A recent post by Adam Horowitz asked what it will take for liberal Zionists to come around and support a boycott. My mind was changed by going to Israel on a Birthright trip and seeing firsthand the effects of the wall and checkpoints. However, I doubt that a full scale boycott of Israel will catch on in the American Jewish community. My recent project, the Boycott Toolkit, enables an open discussion of what exactly a boycott of the occupation should involve, lets users choose their own level of involvement, and lists concrete steps for action.
I was brought up in a religiously conservative but politically liberal Jewish community. While I was aware of and interested in politics, I didn’t consider myself an activist. Like most American Jews, I was aware of the ongoing peace process and lamented the inability of both sides to resolve their differences. A trip to Israel and the West Bank shattered my preconception of the two parties as equal antagonists, and convinced me to become more politically active and outspoken.
I joined a Taglit-Birthright trip in the summer of 2007 after graduating from college. Along with a group of twenty other young American Jews, I went to Israel for the first time and we did all the things that are supposed to connect us to our cultural and religious heritage. We met soldiers, visited Yad Vashem and cried at the Wailing Wall. We climbed Masada at dawn and surveyed the beautiful land that was once promised to our people, and was now ours.
However, while walking through the Old City of Jerusalem, or driving along highways to the Dead Sea, I could see that not all was well in this beautiful land. From a vantage point atop the ancient stone walls, a new concrete wall snakes across the landscape, and settlements stand out starkly on hilltops. Our bus was protected by an armed guard at all times, and he warned us sternly not to venture into Palestinian territory. Danger awaited there, kidnapping or lynching was possible, hatred and discrimination a certainty. He could not have been more wrong.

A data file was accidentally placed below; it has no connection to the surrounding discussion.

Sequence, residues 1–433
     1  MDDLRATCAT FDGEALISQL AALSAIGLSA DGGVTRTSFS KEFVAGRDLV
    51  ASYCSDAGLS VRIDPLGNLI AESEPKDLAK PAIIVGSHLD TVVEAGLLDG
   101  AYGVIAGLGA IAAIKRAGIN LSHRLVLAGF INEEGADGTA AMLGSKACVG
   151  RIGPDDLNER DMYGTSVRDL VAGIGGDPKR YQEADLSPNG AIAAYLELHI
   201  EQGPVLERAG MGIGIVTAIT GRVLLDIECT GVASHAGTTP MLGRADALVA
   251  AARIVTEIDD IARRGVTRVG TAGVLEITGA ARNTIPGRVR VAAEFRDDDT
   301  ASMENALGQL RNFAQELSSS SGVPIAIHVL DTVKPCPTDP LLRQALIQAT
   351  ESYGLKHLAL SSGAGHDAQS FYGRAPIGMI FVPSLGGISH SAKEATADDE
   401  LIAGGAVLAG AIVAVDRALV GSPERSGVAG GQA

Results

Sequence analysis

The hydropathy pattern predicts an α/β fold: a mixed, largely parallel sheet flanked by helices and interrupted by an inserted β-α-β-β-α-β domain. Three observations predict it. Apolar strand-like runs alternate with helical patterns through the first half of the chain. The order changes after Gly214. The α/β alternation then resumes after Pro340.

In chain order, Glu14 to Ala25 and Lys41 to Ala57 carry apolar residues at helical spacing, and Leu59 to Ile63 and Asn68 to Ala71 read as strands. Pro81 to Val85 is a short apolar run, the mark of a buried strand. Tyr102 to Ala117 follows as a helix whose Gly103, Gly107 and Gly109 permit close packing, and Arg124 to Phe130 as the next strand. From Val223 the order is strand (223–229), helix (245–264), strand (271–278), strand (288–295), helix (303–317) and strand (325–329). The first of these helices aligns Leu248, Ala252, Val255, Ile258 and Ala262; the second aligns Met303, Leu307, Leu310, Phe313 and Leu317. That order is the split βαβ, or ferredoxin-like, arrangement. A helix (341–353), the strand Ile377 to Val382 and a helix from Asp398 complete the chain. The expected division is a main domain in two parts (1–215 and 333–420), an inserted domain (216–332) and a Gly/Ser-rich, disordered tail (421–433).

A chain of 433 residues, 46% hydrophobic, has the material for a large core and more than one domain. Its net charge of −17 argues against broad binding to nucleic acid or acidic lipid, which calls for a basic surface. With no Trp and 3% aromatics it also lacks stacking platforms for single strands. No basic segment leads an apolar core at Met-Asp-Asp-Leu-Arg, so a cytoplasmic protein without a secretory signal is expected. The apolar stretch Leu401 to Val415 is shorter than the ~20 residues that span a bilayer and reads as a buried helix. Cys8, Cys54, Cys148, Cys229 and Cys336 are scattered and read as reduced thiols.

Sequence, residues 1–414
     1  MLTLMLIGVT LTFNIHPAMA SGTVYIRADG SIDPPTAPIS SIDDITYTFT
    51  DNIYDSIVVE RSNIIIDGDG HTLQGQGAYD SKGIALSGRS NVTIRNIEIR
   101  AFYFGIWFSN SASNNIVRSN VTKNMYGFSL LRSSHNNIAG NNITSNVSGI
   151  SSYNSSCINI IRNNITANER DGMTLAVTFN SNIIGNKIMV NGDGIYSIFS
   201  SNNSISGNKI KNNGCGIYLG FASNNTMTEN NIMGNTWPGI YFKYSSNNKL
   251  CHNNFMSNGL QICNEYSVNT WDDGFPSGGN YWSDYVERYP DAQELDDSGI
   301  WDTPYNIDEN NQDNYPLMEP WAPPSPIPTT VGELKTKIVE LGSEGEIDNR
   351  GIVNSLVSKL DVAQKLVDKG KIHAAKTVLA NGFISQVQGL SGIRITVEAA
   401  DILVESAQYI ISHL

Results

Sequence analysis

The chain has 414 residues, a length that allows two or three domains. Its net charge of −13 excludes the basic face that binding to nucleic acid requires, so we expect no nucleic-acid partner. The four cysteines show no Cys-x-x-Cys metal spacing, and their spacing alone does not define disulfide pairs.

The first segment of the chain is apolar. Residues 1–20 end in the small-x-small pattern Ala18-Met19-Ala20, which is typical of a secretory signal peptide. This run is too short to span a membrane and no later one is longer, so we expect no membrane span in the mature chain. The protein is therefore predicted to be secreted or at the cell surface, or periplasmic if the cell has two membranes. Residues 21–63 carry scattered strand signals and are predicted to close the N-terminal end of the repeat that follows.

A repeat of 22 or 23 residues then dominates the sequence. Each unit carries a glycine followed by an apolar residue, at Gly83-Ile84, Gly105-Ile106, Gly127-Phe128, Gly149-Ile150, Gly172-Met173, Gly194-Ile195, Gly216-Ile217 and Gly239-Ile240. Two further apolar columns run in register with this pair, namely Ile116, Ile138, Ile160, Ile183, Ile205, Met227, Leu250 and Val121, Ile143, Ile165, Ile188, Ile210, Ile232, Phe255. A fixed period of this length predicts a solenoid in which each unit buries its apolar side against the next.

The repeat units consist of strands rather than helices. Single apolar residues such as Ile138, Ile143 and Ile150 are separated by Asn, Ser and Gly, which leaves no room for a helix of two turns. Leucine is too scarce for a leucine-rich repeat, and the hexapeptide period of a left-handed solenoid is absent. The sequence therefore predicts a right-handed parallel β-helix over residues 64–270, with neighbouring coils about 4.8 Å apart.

After the planned activities of the trip were over, we were released from the protection of the tour guides and guards. I returned to Jerusalem with two friends and took a bus to the Bethlehem checkpoint. We approached the monstrous concrete and steel gates with trepidation and entered the maw of the security zone. With our American passports, we were waved through by bored looking young women, really girls no older than I was, but who were surrounded by thick glass and armed with automatic weapons. The Palestinians were subject to more stringent checking, including a biometric scan of the veins in their hands. When I put my hand in the scanner, the guard gave me a withering look, as if it should be clear that I wasn’t subject to the same rules as everyone else in line. This sort of racial profiling may be effective, but it made my stomach churn.
Leaving the checkpoint, we entered a different world. While the Jerusalem side has a proper bus turnaround, in Bethlehem the road dead-ends into the wall and a throng of taxi drivers stand waiting for business. We were approached by a man with a yellow Mercedes, a baseball cap, and large weary eyes. Communicating through his broken English and our worse Arabic we negotiated a tour of the town, learning about its millennia of history and how it had changed since the wall cut it off from Jerusalem. We passed dozens of shuttered businesses and were taken to a dusty souvenir store that opened just for us. I bought ornaments I didn’t need to show my gratitude.